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Google Reader Alternatives

Google Reader Alternatives

Introduction to Google Reader Alternatives

Google Reader was a Google-owned RSS/Atom feed aggregator. It was designed by Google developer Chris Wetherell in early 2005 and released through Google Labs on October 7, 2005. Google Reader increased in popularity to the point that it supported a variety of programmes that used it as a platform for delivering news and information to users. There are some other alternatives are there for google reader such as G2Reader, Feedly, CommaFeed, Digg Reader, The Old Reader, Dotdotdot, Reeder, Feedspot, Taptu, and Tiny Tiny RSS.

Google Reader Alternatives

Below are the alternatives of google reader.

1. G2Reader:

G2Reader is a Web-based RSS feed reader that supports OPML uploads and is simple and simply designed. G2Reader was a little sluggish after the initial departure of Google Reader users, but the team recently rebuilt its servers, and as a result, G2Reader is now totally capable in terms of speed. It includes a fantastic function that allows you to add keywords into the settings and have them highlighted whenever they appear in your feed material. It’s free and comes in a variety of languages.

2. Feedly:

Feedly does not handle OPML files, which is perhaps its only flaw, as this Web-based feed reader excels in practically every other way. Feedly has shifted to a cloud-based approach of storing account data, ensuring that your RSS content is synced across all of your devices. The features for organising your feeds, like as rearranging them and grouping them into folders, are excellent. It offers a simple, adjustable design (with options to see a list, preview, or expanded items), and Feedly suggests more content that you might find interesting.

3. CommaFeed:

For DIYers, CommaFeed is the RSS feed reader of choice. It’s already one of the greatest Google Reader competitors, and it’s only getting better. CommaFeed, which is available as a Web-based service and an open-source project that you can develop yourself, making switching to a different reader simple and painless. Custom CSS can be used to change the look and feel of this feed reader. It also includes sharing features.

4. Digg Reader:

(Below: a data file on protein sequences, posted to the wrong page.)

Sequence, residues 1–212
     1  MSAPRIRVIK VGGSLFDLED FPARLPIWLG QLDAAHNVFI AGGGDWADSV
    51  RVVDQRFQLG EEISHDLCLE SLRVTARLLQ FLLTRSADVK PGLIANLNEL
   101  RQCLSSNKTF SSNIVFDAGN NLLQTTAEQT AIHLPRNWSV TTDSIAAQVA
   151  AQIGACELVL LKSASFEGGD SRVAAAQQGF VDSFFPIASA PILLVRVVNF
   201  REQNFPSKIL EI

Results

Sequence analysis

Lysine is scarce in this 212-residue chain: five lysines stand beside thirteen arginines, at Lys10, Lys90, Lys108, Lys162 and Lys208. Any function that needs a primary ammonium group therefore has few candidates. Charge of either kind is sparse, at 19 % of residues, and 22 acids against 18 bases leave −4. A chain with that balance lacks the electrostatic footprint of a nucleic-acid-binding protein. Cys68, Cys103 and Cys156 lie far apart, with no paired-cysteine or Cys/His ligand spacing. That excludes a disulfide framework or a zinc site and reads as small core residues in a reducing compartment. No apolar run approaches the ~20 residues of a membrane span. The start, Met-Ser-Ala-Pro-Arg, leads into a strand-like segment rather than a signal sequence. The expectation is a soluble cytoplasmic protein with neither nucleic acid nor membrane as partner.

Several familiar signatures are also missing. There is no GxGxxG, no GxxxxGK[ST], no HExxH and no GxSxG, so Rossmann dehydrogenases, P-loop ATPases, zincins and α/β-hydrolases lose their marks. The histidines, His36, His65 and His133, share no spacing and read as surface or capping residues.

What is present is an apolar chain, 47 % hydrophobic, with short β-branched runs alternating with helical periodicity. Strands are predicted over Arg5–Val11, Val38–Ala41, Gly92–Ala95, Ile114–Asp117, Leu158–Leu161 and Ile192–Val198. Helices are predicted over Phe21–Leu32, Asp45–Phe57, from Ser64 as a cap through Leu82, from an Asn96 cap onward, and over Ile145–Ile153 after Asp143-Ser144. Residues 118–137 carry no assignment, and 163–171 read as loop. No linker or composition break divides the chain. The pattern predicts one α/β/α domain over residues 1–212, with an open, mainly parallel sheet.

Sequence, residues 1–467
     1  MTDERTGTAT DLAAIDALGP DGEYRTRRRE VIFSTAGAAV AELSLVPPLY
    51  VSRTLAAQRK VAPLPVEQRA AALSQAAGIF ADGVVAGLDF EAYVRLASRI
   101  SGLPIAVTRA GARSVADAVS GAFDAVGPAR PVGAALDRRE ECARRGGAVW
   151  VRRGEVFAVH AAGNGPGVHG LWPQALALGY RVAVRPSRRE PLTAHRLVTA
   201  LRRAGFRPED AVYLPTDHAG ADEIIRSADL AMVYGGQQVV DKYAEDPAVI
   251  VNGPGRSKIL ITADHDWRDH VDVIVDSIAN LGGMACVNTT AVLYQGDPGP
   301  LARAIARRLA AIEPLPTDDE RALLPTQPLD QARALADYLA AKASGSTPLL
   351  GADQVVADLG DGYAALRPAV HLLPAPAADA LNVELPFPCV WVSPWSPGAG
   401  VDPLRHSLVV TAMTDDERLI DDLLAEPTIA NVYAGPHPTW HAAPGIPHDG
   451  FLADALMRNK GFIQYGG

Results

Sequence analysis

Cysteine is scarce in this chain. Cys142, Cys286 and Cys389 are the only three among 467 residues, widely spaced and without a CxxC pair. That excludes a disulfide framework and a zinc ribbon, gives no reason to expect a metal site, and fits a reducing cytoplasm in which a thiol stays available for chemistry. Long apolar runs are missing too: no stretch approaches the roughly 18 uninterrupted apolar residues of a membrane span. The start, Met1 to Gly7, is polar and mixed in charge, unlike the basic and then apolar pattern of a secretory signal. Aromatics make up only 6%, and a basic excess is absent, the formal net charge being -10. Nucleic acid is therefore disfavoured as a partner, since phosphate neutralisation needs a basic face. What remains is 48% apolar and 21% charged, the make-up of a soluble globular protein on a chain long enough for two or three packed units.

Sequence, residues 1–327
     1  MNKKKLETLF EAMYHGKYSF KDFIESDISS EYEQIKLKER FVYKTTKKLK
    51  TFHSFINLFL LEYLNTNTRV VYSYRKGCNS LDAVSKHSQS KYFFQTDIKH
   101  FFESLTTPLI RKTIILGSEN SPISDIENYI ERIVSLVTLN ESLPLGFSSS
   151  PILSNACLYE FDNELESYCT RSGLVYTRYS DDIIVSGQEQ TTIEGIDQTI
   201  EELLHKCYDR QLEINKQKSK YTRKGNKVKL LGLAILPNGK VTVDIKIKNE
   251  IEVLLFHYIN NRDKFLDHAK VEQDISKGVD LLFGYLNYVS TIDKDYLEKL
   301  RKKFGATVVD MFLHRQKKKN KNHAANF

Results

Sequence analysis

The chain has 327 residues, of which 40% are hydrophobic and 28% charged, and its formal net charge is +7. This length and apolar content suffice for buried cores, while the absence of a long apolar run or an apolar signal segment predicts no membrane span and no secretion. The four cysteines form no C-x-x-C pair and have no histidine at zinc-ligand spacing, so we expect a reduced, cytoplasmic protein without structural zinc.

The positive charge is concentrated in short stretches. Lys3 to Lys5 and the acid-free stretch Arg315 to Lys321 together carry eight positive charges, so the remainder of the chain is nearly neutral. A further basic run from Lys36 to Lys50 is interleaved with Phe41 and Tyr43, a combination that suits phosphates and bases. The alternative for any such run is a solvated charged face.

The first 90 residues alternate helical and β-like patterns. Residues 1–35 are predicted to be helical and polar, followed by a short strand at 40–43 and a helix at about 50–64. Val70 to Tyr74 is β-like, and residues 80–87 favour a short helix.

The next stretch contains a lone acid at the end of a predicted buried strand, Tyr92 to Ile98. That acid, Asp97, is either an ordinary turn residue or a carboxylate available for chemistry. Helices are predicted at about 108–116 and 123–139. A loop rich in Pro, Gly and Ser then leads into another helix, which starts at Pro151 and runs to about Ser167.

This Web-based RSS feed reader has features that encourage you to explore new content, but it doesn’t force you to read them in a magazine-like format, which some RSS feed purists may like. It has a lot of customization options for feed lists and folder management. It also does not enable OPML file uploads, despite having a nice look and updating fairly quickly. Some social elements are incorporated, and some settings are set to public by default rather than private.

5. The Old Reader:

The Old Reader, which was created in response to Google Reader’s removal of social features a few years ago, is still one of the top RSS feed readers due to its simplicity and dependability and is unquestionably the best alternative for social RSS addicts. You can “follow” the feeds of other users and be followed back. It works almost exactly as Google Reader did in 2010. It is accessible in over a dozen languages and supports OPML uploads. There are currently no mobile apps available for The Old Reader.

6. Dotdotdot:

Dotdotdot is a great tool used for reading long-form articles and tales. It is browser-based RSS feed reader that comes with iPhone and iPad apps. It also offers distraction-free Web reading, which is best suited for long-form content, as well as the ability to read and manage ebooks. Dotdotdot cannot search article content, title, or authors, but it enables users to highlight, tag, and quote text. OPML files are not supported.

7. Reeder:

Reeder is an OS X desktop application that brings your RSS feeds to life with a slew of features not present in Google Reader. It’s flexible and works with Google Reader easily, although it doesn’t support OPML uploads. It has a free iPhone app (which was recently made free) and an iPad version on the way. There are several sharing possibilities and a fantastic search box, but no Windows or Android apps.

8. Feedspot:

Feedspot is a commercial online RSS feed reader with a simple interface and implementation. It has a variety of features for sharing content both externally and within the service, as well as saving content to other services like Evernote, Pocket, and Instapaper. Feedspot is okay, but not fantastic, because the tools for reorganising feeds aren’t very strong, and there are a few additional flaws.

9. Taptu:

It’s a free Web-based RSS feed reader that aims to be more like a digital magazine, with enough recommended feeds from big news organisations. However, you can’t add OPML files, and the facilities for organising your feeds are a little shabby. Taptu, on the other hand, is a terrific feed reader to use if you want to incorporate your social media streams into your RSS reading routine, as it allows you to stream content from Facebook, Twitter, and other social networking platforms. Taptu’s mobile apps are available for Android, Apple, and BlackBerry.

10. Tiny Tiny RS:

Tiny Tiny RSS is a DIY platform that allows you to create your own RSS feed reader. It contains some useful features that Google Reader lacked, but performance difficulties detract from the overall experience. Tiny Tiny RSS isn’t for those who want things to be simple. It can also be excruciatingly slow to load. On the other hand, it allows you complete control over the appearance and feel of your RSS reader. There’s also an Android app.


Here in this article, we have discussed the various alternatives for google reader such as G2Reader, Feedly, CommaFeed, Digg Reader, The Old Reader, Dotdotdot, Reeder, Feedspot, Taptu, and Tiny Tiny RSS. Each has its own features and limitations. Hope you enjoyed the article.

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